Summary of Chapter 42: The Morning of the Trial
Adam does not go to the trial in the morning but waits till Bartle comes to him at lunchtime to hear about it. He has thought of seeing Hetty because it might melt her hardness if someone forgave her, but still he is afraid to see her in her changed state. The narrator says that the kind of unbearable suffering Adam experiences can be a baptism into a new state of life. He feels as if he is just waking up. He goes through a fire baptism into a new pity.
Bartle tells him about the court scene as he tries to get Adam to eat bread and drink wine. The court is filled with spectators. The doctor has testified as to whether she had borne a child, and Martin Poyser testified. It was so hard on Martin that Bartle tells Adam he must be a friend to Poyser now. They made Poyser look at his niece, and she trembled and hid her face in her hands. Mr. Irwine took care of Martin in the courtroom. Irwine will also be a witness on Hetty’s behalf.
Adam keeps asking about the other evidence, and Bartle says he cannot hide the fact that the doctor’s evidence has been hard on her, though she still denies having a child. Adam asks if there is anyone to stand by her in the court? Bartle says only the chaplain. Adam says one man should be there, but since he is not, Adam says he will go. “I’ll stand by her—I’ll own her”(p. 430). Adam admits that he used to be hard, but he will never be hard again. Suddenly, he looks like his old self.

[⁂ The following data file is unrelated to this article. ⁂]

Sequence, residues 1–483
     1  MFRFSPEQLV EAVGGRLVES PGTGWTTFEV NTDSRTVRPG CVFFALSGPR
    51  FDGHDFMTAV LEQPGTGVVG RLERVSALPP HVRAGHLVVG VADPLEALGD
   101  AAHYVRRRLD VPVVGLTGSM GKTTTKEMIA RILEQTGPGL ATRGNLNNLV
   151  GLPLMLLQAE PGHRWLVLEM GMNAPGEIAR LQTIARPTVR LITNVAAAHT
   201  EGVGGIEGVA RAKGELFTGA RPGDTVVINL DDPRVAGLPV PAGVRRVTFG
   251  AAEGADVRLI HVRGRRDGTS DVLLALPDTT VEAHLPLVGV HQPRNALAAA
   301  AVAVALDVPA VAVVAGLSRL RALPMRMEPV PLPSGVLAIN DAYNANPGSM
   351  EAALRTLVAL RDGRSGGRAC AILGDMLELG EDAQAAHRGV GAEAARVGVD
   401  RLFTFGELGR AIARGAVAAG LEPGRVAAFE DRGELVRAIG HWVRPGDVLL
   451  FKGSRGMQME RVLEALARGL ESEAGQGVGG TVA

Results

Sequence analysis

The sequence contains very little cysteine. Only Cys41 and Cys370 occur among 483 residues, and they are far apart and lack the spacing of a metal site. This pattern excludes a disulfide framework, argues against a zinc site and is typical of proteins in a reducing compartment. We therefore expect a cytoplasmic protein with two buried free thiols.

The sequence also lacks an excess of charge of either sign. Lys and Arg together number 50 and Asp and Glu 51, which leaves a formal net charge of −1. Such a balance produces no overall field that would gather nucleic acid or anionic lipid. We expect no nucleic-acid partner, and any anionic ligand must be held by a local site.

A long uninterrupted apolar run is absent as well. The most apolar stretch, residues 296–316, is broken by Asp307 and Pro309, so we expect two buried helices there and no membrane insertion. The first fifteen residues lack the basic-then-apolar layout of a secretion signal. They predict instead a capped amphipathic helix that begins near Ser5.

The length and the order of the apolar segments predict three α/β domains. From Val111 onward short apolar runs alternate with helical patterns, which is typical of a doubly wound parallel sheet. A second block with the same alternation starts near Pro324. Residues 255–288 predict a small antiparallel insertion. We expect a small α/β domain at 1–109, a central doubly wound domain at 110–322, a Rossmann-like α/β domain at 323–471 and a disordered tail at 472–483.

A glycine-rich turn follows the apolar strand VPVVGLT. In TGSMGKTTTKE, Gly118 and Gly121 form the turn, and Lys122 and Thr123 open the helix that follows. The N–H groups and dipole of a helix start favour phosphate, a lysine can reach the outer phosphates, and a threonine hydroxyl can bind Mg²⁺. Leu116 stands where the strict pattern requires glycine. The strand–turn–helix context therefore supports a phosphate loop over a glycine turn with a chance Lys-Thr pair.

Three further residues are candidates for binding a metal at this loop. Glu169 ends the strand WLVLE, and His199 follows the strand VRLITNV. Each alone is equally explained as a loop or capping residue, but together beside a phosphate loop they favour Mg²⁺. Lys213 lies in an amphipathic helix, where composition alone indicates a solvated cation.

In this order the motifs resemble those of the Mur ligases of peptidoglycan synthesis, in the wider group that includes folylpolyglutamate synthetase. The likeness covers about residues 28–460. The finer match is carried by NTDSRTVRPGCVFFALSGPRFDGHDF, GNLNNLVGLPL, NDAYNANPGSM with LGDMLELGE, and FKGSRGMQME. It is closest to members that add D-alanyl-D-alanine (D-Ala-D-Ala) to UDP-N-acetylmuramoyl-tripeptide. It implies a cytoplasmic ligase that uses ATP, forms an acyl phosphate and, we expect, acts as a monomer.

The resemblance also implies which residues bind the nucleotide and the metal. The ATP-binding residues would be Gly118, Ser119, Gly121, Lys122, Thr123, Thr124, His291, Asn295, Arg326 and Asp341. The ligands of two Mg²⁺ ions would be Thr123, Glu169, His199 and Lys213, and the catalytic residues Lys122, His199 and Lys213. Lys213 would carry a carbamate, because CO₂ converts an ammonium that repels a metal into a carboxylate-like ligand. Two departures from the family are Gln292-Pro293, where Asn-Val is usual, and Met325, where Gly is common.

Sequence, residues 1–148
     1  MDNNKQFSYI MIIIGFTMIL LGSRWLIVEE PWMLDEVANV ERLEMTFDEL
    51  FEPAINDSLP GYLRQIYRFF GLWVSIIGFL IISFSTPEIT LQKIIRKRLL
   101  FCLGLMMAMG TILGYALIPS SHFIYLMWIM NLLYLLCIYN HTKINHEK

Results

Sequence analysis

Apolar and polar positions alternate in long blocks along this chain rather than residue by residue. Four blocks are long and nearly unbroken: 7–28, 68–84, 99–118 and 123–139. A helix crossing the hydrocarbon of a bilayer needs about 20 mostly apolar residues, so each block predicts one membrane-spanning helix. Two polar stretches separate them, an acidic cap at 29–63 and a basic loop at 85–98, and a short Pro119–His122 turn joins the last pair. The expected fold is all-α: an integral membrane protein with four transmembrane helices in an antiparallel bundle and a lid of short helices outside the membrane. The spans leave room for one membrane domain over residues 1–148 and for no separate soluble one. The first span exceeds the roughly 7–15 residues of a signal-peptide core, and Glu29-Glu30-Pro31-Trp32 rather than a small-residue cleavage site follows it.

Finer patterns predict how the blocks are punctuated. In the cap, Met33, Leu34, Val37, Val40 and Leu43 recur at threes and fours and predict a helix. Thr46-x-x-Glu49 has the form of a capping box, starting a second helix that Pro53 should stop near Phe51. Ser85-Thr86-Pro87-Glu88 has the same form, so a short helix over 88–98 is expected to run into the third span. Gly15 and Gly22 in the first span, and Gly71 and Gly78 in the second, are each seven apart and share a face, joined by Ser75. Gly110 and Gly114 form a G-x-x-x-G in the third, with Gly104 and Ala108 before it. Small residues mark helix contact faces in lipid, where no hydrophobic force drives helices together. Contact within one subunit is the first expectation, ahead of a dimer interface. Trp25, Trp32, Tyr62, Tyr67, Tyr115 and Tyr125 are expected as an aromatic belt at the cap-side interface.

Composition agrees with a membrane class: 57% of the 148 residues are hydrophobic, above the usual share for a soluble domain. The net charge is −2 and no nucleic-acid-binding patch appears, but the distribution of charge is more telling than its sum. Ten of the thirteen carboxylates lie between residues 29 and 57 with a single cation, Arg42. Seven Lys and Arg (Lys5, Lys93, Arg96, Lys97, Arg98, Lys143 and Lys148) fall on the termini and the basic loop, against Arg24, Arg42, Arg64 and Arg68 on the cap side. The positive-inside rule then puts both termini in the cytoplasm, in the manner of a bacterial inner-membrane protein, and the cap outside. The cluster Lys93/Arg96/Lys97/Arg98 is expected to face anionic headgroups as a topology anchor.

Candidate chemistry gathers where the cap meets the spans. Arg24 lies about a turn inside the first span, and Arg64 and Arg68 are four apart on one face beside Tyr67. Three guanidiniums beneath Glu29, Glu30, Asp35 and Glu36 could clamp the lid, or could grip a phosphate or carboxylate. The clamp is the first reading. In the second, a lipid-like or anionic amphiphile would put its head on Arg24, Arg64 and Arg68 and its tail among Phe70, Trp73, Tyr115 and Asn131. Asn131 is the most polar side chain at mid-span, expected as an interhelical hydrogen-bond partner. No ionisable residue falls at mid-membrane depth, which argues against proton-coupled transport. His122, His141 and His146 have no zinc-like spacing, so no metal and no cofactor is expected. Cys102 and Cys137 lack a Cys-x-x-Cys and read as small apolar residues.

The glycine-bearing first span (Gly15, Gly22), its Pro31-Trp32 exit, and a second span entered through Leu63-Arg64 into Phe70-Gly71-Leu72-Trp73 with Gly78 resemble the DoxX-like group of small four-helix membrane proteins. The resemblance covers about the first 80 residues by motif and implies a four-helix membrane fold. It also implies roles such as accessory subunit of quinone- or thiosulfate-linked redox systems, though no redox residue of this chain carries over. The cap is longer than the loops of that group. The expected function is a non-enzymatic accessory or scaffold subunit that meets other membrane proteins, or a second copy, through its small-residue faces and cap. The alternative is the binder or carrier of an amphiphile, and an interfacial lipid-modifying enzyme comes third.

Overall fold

Commentary on Chapter 42
This chapter is important for showing Adam’s conversion to a new sense of humanity. He was always a good man, but the narrator says that suffering can be an awakening to a new unselfishness and pity. This baptism of Adam’s once again reminds one of Paradise Lost where Adam and Eve have to learn how to be good in a fallen state, how to feel love and compassion for one another, instead of blame. It is to be contrasted, however, with Hetty’s response of hardness. Adam’s suffering makes him reach out; hers shuts her down. She cannot admit she did anything wrong, and so therefore, no forgiveness and growth can take place.
Adam grows to maturity here by putting aside his old moral harshness and deciding to stand by Hetty, even if she committed the crime. He will own her, not be ashamed of her, like her uncle. This is true Christian behavior and more like what Dinah Morris would do. Even his look changes after he softens. He is now closer to the ethic that Bartle announces in this chapter as he praises Mr. Irwine for helping Martin Poyser: “It’s a great thing in a man’s life to be able to stand by his neighbor” (p. 430).